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VT150: Visualizing 150 Years of Virginia Tech History

VT150: Visualizing 150 Years of Virginia Tech History

Paul Quigley, faculty member in the VT History Department, leads the VT150: Visualizing Virginia Tech History project team under the auspices of the Council on VT History.  Paul Quigley is Director of the Virginia Center for Civil War Studies (facebook and  twitter) and James I. Robertson, Jr. Associate Professor of Civil War History in the History Department at Virginia Tech.

Paul Quigley
Paul Quigley

"Standing in the very places where history happened, using the latest technology to layer old photos onto the real world or see video of descendants of the people who once lived here, is truly remarkable. Bringing together questions and methods from different disciplines has opened up new ways of seeing, understanding, and presenting Virginia Tech's complex history. This is transdisciplinary experiential learning in action."

— Paul Quigley

In addition to the History Department, this interdisciplinary collaboration brings together students and faculty from the School of Visual Arts, VT Libraries, Department of Computer Science, VT Stories, and School of Education. Faculty team members, most of them affiliated with CHCI,  are Doug Bowman, Ren Harman, David Hicks, Todd Ogle, Jessica Taylor, and Thomas Tucker.  Current student collaborators include: Kenny Barnes, Nicolas Gutkowski, Emily Humes, Bradley Kraft, Anza Mitchell, Alexandra O'Dea, and Suzanne Shelburne.

VT150: Visualizing 150 Years of Virginia Tech History

As VT prepares for its 150th anniversary in 2022, the team is experimenting with creative technologies to bring the university’s past to life. Projection mapping, digital exhibits, documentary video, and extended reality provide new ways of exploring overlooked topics like Hokie women, student protests, and Black student life. A major strand of the team’s work focuses on the hidden histories of Solitude, the oldest building on campus.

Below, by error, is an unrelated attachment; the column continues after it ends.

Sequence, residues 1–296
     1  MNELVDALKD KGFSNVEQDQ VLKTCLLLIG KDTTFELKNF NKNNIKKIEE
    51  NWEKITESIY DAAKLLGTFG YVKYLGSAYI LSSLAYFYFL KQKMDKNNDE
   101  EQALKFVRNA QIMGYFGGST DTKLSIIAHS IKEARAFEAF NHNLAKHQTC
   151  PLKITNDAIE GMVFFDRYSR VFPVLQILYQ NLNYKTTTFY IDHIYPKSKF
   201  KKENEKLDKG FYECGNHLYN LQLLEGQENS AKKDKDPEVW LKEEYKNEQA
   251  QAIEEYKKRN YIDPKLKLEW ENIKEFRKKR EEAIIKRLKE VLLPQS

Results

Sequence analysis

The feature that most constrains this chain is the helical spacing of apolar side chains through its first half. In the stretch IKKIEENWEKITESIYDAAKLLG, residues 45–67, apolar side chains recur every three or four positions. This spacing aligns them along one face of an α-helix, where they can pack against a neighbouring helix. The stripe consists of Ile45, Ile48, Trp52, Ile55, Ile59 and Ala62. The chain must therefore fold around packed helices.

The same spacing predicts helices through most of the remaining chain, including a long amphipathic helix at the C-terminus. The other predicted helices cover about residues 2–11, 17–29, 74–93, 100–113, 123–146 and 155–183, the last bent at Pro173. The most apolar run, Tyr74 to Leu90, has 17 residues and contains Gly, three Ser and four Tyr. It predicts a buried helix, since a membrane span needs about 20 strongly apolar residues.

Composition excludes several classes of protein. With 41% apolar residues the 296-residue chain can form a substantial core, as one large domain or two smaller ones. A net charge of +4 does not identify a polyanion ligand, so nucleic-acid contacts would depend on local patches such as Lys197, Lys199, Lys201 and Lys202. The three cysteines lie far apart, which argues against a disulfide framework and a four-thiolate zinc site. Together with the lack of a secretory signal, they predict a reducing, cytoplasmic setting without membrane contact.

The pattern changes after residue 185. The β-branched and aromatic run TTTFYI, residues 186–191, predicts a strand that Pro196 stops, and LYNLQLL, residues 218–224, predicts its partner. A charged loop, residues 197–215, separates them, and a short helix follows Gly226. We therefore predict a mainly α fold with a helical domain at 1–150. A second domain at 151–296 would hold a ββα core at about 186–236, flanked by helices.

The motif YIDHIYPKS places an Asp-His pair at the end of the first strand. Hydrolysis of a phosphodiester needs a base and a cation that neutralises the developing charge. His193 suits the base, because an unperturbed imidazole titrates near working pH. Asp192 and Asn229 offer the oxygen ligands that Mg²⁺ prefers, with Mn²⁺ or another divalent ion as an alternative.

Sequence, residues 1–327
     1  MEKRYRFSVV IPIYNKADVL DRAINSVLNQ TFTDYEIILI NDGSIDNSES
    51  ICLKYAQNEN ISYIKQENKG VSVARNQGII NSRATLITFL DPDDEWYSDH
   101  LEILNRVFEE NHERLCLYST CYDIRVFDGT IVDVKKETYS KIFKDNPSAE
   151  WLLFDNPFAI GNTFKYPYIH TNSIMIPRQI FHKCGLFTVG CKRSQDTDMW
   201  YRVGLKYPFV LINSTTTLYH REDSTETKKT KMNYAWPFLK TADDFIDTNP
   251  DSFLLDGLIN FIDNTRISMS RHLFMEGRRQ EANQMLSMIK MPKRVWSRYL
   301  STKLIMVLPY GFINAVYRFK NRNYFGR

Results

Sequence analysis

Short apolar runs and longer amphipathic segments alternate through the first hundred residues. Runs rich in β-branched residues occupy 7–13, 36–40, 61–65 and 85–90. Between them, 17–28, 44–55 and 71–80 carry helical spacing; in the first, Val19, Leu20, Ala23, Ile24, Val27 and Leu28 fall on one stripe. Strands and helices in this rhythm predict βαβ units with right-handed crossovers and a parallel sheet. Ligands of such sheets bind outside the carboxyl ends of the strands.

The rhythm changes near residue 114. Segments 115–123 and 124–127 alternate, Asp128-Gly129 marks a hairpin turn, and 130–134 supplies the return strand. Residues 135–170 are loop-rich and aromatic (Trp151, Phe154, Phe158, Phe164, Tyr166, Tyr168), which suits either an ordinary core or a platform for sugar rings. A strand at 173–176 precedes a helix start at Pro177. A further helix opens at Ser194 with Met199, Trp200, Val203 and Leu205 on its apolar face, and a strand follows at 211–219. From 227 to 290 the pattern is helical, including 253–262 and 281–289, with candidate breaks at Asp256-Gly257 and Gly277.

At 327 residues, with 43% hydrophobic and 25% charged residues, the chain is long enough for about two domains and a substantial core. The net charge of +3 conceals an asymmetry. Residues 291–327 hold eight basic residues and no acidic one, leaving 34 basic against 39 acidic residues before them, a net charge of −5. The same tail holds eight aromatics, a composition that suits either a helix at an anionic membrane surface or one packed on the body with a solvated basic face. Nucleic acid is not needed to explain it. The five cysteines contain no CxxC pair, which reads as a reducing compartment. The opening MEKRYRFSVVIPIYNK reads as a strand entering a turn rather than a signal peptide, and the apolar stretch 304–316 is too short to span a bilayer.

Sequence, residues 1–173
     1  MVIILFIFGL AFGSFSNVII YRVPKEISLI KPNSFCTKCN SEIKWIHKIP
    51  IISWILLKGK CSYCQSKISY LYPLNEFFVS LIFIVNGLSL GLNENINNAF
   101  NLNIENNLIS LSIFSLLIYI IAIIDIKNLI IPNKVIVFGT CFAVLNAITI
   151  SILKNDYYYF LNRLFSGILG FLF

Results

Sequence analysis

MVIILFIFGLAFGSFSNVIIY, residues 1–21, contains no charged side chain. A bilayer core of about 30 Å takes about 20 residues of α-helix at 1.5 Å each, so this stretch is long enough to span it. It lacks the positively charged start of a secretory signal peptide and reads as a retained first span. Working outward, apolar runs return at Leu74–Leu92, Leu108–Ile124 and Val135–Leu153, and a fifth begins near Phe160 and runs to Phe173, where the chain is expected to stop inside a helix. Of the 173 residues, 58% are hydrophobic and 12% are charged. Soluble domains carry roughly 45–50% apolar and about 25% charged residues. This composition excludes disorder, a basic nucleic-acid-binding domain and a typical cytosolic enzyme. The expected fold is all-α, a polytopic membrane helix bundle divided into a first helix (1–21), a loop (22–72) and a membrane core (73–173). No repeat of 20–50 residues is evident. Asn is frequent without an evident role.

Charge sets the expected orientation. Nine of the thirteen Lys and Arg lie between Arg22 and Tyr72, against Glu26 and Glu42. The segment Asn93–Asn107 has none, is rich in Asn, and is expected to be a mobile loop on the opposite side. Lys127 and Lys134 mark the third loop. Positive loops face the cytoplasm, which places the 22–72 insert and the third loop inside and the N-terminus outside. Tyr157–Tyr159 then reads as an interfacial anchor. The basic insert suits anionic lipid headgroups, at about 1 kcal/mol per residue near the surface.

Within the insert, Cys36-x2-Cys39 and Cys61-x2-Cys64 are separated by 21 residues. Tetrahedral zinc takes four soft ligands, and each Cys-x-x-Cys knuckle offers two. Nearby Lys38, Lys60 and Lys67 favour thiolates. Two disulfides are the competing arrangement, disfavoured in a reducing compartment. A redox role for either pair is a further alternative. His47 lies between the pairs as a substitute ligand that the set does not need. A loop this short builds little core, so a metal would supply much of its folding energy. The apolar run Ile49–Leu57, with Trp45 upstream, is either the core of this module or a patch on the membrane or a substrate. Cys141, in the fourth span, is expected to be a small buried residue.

Computer Science student viewing Solitude through smartphone, 2019
Computer Science student viewing Solitude through smartphone, 2019

Using wearable AR technology, the team employed interviews with descendants of enslaved people, virtual tour guides, 19th-century documents, historical photos, and 3D building recreations to enable visitors to explore different layers of the past in this one place -- the epicenter of the university's history. 

"Standing in the very places where history happened, using the latest technology to layer old photos onto the real world or see video of descendants of the people who once lived here, is truly remarkable. Bringing together questions and methods from different disciplines has opened up new ways of seeing, understanding, and presenting Virginia Tech's complex history. This is transdisciplinary experiential learning in action." Paul Quigley

Video links:

Student protest projection mapping experience and Augmented Reality walking tour

ICAT Day 2020 trailer

360 degree video featuring highlights from our in-progress Solitude tour

Catch Paul Quigley’s talk about the VT 150 Project at the CHCI ICAT Playdate on Friday, November 13, 2020 (9-9:30 am EST) via livestream.

See also this VT News article